Class Routines–a list of 40 things to consider

Classroom Routines

As you prepare for a new school year, or even for your very first class, you will probably find lots of advice telling you how important routines are. Add this post to the list! In my opinion, class routines are THE most important part of teaching because they help your class run smoothly. And if your class doesn’t run smoothly, it doesn’t matter how much time you’ve spent planning lessons or how cute your bulletin boards are.

You must teach routines explicitly, and to do that you must know how you want things to run. 

Students, unfortunately (or maybe fortunately?), are not mind readers, so it is important that you teach students the routines explicitly. Before you teach the routines to students, it is important that you have put thought into how you want things to run. You can get tons of ideas online and from fellow teachers, but ultimately when the bell rings, you are in charge of your class, and you will want things to run your way. Be sure to spend time thinking through the routines and determining how you want each to go.

What routines and policies do I teach?

Here are the ones that are important to me:

  1. Raising hands
  2. Turning in papers
  3. Sharpening pencils
  4. Bathroom procedures
  5. Snacks
  6. Lining up
  7. Fire drill
  8. Working in groups
  9. Going to the nurse
  10. If you have to answer the phone
  11. Entering the classroom
  12. Getting water
  13. Packing up
  14. Writing down homework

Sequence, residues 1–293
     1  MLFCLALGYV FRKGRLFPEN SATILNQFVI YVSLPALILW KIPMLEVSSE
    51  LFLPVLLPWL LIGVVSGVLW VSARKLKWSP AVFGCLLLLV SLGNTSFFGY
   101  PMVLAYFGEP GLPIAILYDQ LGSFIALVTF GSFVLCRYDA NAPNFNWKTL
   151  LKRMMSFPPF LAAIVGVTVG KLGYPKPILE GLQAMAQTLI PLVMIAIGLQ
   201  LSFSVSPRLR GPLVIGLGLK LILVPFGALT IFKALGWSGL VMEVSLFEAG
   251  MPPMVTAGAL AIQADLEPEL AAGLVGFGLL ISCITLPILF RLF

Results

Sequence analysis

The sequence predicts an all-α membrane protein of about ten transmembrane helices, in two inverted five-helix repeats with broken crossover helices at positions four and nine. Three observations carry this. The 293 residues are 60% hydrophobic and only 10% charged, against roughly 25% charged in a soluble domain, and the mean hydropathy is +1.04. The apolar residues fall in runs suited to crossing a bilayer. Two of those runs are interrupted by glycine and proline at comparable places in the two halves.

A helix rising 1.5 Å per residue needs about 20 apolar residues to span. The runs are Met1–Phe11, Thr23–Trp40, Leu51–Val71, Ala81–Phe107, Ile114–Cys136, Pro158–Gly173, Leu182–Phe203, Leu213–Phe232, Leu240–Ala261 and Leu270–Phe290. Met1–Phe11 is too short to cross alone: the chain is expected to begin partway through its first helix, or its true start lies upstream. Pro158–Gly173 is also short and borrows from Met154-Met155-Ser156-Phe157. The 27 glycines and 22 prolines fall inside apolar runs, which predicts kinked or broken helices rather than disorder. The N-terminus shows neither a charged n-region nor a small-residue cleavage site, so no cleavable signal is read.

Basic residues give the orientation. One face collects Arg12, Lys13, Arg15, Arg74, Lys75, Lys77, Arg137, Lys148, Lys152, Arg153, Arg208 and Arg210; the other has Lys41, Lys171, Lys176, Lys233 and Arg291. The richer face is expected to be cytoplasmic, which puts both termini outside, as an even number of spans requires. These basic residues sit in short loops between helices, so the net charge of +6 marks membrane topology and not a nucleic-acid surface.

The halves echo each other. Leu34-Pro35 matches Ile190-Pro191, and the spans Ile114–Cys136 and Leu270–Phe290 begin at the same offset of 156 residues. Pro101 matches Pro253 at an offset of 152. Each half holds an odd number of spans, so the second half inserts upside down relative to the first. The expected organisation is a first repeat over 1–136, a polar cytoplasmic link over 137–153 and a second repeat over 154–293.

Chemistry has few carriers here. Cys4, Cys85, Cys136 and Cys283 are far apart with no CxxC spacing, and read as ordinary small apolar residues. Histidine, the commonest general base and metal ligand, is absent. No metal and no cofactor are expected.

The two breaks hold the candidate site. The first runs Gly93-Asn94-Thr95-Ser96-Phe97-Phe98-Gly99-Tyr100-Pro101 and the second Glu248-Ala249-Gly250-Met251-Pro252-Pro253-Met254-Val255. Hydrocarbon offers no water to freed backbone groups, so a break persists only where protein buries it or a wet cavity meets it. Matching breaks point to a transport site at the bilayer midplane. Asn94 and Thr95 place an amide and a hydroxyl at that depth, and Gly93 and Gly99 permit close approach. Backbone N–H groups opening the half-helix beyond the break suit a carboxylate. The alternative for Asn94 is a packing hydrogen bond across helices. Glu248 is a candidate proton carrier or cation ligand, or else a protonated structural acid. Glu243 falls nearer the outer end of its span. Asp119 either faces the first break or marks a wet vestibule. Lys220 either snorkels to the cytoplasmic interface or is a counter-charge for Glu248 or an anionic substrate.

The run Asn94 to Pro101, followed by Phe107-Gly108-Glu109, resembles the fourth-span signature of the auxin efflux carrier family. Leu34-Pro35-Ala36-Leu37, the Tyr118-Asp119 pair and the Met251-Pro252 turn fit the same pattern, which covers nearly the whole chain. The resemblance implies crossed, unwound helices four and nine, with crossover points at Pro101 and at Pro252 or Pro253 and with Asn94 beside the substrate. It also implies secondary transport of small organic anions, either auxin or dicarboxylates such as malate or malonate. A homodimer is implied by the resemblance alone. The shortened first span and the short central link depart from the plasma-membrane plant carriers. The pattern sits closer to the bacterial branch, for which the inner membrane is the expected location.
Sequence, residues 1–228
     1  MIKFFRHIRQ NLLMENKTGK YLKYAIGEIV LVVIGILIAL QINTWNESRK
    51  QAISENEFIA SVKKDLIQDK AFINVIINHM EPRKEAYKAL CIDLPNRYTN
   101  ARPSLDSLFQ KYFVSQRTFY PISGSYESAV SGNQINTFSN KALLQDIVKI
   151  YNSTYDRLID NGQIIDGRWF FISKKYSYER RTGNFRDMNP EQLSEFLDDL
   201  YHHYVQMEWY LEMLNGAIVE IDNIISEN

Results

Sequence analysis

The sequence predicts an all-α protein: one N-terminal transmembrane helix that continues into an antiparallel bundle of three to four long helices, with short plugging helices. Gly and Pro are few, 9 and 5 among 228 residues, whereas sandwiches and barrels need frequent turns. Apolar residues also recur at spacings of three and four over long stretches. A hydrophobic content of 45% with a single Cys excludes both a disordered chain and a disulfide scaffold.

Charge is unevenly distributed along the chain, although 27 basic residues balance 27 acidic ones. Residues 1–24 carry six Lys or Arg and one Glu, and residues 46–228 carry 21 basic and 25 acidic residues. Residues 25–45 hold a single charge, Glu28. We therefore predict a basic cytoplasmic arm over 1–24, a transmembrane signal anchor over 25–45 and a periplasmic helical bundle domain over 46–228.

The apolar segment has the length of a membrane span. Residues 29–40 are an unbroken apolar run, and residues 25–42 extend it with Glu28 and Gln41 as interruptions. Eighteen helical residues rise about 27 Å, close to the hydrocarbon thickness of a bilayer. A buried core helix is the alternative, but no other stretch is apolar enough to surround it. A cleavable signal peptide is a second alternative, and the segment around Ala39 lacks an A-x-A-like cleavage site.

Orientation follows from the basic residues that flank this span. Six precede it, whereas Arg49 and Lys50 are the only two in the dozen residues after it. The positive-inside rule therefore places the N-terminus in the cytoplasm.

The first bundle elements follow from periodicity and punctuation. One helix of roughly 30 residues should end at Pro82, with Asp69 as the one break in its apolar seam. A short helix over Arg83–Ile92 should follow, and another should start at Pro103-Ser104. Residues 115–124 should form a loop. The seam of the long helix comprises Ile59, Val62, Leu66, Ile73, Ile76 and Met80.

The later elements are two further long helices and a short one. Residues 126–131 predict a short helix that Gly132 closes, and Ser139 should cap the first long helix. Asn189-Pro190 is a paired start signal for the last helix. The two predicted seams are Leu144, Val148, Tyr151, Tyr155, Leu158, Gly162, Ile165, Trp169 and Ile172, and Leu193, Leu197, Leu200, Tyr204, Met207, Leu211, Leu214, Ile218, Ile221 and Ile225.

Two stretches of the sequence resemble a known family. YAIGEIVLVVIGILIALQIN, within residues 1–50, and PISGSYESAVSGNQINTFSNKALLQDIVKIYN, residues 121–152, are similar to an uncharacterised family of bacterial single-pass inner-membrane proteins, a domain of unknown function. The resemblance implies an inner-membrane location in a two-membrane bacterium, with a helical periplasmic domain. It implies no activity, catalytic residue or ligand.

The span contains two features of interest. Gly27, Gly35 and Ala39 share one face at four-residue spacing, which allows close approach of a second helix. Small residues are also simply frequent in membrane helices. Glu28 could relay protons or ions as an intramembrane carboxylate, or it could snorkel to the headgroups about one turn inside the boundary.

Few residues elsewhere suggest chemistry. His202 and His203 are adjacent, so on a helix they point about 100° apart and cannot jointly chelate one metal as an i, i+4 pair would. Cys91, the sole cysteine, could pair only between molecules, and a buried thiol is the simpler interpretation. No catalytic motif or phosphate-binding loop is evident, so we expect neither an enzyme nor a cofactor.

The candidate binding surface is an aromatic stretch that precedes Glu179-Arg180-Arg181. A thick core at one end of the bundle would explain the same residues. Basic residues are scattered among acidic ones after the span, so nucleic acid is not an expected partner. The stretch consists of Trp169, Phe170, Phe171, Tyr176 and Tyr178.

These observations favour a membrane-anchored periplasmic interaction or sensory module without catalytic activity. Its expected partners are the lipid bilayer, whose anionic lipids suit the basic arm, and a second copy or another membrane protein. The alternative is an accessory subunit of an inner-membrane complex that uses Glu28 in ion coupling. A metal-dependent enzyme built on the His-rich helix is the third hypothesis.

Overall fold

15. Turning in homework
  16. Turning in papers
  17. Passing out papers
  18. Returning forms
  19. Classroom library
  20. Getting a tissue
  21. Taking attendance
  22. Throwing away trash
  23. Answering the door to visitors
  24. Attendance
  25. Working in groups
  26. Working independently
  27. Absent students
  28. Walking in the hallway
  29. Using classroom supplies
  30. Getting “sick”
  31. Lunch count
  32. Transportation
  33. Dismissal
  34. Late work
  35. Test behavior
  36. Storing backpacks
  37. Organizing school supplies
  38. Organizing desks
  39. Toys in class
  40. Candy or gum

Here’s a free printable list if you want something to check and cross out! Feel free to share with your teacher friends and new teachers!

Classroom Routines for teachers

Some tips:

Don’t teach them all at once! 

While it is important to teach routines and procedures the first day or school, it is not a good idea to sit students down and go over this list one by one. Pick out the most important ones like bathroom and hand-raising policy to teach first. Many of them, you can teach as they are needed. For instance, 30 minutes before lunch, you may go over lunch procedures and then practice lining up.

It’s ok to make changes!

As your year goes along, if you realize a certain routine isn’t working, it’s ok to tweak things. Be honest with your students, tell them it isn’t working, and then introduce and practice the new way. Don’t feel like you have to be stuck with one way of doing things just because that’s what you taught them on the first day of school.

class routines fb


Introducing a new survey!

I was so thrilled with how the Summer STEM survey went that I thought I would try a new survey. This time, I want to know all of your classroom management questions. What can I post about or research or share to help you manage your classroom? What would you love to know more about but don’t have time to search to the ends of the Internet for? I would love to know how I can support you! If you have a few minutes, please take the short survey by clicking the image below:

Screen Shot 2015-08-05 at 9.18.40 AMHappy Teaching!


PS–I would be ever so honored if you signed up for my new daily creative thinking ideas for teachers emails! I deliver a quick, creative idea that you can use in your classroom right away to your inbox first thing every weekday morning. Your students will love the fun, random holidays!


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